"Place silly posh-sounding name and picture of scared, sensitive-looking daughter in expensive car here - ed"

Janet Downs's picture
Fri, 01/04/2011 - 08:05

The report said that comprehensive school pupils performed better than their independent/grammar school peers with similar qualifications. The Little Oxford Dictionary definition of "similar" is "like, alike, having resemblance to, of same kind". I interpreted this as meaning that a comprehensive pupil with grade A would be more likely to achieve a higher degree than a pupil from independent or grammar schools with grade A.

However, I think the research results are more nuanced than a blunt conclusion that comprehensive pupils are better or that comprehensive pupils are disadvantaged at school because they achieve lower A level grades than pupils in independent/grammar schools. There may be many contributory factors.

Janet Downs's picture
Fri, 01/04/2011 - 08:21

It's a pity that a post should include such emotive words as "quagmire" when referring to comprehensive education. In Finland, the top-performing European country in recent OECD PISA results, all the schools are fully-comprehensive and fully state-funded. Not very bog-like, then.

I'm also disappointed that a post should include personal attacks. Nevertheless, the point about influential parents raises an interesting question: if a child of an influential parent receives a university place is it because of the child's abilities or because of the parent's status? Or is such a question a slur on the integrity of universities?

Janet Downs's picture
Fri, 01/04/2011 - 14:05

My point in drawing attention to the Sutton Trust report is that comprehensive pupils are not inferior to pupils from selective schools. Unfortunately, there is prejudice in the UK against comprehensive schools (a quagmire, as one post above described them) and an assumption that independent and grammar schools are better. If this were so, then one would expect the pupils from these schools to outperform their comprehensive school peers at university.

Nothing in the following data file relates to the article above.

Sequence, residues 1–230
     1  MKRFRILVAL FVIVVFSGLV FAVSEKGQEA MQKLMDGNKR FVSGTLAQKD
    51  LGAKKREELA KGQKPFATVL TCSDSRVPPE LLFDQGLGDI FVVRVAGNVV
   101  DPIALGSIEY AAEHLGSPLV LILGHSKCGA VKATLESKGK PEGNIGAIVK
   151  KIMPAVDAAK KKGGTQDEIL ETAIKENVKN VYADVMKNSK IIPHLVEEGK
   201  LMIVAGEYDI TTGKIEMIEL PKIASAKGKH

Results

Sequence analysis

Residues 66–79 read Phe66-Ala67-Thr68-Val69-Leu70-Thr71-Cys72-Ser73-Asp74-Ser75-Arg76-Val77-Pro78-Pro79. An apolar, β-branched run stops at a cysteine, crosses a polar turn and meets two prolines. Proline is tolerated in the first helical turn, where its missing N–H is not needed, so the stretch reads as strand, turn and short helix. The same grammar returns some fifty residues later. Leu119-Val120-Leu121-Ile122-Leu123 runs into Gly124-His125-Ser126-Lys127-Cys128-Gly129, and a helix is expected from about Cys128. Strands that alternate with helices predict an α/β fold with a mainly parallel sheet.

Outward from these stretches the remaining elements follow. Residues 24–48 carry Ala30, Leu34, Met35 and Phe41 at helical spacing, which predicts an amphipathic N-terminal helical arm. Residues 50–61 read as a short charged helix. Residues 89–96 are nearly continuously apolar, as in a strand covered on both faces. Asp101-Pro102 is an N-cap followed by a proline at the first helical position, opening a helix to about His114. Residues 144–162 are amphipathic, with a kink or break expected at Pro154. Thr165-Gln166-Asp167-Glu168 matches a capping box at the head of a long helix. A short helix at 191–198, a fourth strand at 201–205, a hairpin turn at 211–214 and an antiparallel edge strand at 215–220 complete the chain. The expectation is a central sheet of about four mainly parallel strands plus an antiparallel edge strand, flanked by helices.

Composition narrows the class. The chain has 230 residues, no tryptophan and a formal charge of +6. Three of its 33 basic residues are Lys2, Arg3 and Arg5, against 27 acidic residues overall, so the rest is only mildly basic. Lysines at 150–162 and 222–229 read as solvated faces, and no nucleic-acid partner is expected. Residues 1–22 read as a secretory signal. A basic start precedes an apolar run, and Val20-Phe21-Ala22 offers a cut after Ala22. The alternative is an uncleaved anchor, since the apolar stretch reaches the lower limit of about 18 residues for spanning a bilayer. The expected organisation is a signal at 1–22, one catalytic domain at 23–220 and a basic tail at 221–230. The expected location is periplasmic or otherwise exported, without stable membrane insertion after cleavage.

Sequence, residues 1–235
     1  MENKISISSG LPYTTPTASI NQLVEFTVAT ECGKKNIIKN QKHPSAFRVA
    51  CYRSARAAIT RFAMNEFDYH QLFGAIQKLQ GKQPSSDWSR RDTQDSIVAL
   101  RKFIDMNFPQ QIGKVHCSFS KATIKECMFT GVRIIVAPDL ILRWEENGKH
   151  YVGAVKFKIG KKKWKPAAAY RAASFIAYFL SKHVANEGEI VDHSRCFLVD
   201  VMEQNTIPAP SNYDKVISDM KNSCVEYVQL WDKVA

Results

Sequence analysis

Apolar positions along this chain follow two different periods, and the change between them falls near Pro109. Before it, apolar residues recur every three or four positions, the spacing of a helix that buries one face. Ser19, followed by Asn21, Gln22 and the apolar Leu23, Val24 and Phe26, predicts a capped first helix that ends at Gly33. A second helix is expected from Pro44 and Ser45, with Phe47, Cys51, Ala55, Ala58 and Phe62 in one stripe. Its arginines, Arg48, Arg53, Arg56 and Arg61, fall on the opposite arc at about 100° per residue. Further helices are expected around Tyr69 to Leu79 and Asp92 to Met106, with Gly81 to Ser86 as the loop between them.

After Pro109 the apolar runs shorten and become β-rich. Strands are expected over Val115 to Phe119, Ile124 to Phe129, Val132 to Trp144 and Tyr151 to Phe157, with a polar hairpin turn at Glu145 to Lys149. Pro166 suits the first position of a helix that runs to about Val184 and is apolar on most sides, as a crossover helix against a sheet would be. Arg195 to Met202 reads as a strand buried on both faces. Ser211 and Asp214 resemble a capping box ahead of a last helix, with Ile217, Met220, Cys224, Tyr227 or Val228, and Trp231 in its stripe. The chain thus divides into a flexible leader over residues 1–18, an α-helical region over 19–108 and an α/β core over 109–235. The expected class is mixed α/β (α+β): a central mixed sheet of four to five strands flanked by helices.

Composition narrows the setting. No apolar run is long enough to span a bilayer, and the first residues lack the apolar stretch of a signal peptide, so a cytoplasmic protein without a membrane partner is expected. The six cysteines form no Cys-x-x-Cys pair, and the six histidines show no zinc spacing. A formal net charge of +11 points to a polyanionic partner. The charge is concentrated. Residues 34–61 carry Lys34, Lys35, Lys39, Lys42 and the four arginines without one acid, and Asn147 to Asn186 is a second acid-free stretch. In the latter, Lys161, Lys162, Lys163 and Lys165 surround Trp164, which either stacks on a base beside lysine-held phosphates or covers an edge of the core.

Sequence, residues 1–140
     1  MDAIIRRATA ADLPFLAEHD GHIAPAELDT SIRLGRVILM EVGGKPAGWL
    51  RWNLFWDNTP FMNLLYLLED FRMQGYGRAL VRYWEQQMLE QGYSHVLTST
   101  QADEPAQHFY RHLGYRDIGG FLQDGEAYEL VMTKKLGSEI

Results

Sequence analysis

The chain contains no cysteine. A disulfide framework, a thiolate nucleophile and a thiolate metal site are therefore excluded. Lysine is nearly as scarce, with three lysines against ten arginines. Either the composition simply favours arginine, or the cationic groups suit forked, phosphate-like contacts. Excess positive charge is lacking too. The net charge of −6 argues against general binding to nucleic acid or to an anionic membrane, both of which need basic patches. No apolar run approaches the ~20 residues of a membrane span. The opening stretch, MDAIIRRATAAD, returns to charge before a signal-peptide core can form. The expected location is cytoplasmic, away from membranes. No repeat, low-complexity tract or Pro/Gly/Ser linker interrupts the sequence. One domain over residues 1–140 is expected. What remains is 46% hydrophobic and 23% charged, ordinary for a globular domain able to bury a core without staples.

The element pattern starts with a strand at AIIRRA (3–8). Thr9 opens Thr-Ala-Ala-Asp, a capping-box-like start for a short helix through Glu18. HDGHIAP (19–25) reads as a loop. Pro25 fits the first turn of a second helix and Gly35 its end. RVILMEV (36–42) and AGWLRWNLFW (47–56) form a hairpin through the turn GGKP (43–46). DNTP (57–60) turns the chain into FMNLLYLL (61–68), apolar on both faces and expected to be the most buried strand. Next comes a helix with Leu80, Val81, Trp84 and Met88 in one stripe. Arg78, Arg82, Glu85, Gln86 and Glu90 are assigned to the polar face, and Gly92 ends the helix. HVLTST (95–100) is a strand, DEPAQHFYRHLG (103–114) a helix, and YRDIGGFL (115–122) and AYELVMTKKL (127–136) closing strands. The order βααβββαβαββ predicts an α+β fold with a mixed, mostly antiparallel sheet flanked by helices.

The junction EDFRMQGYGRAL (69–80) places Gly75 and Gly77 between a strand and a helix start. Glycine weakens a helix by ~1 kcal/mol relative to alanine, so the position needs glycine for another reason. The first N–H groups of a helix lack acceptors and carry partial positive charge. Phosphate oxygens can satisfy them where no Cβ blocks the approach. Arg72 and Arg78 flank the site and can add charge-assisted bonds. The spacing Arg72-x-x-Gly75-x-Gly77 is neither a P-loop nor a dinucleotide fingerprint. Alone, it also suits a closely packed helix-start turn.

The survey raises further questions. If pupils in independent and grammar schools receive higher grades than pupils of similar ability in comprehensive schools, then we need to ask why. Is it the quality of teaching, or are some teachers better at anticipating what the examiner wants? Are some schools better at teaching to a test than others? Is this necessarily a good thing?

A further question is why pupils who have the same A level grades on entering university end up with different levels of degrees. Could this also have something to do with the type of teaching experienced in Years 12 and 13? Could it be that a too narrow focus on the end result means that some pupils don’t have the skills of research, interrogation and analysis which are essential for a high grade degree?
There is also the broader question of how far A level grades are indicative of a good degree. The report suggests that they aren’t.

I don’t have the answers, but the questions are worth asking.

Julian Mortimer's picture
Sat, 02/04/2011 - 16:50

I apologise without reservation to Fiona for a completely unjustified attempt to cause her personal offence.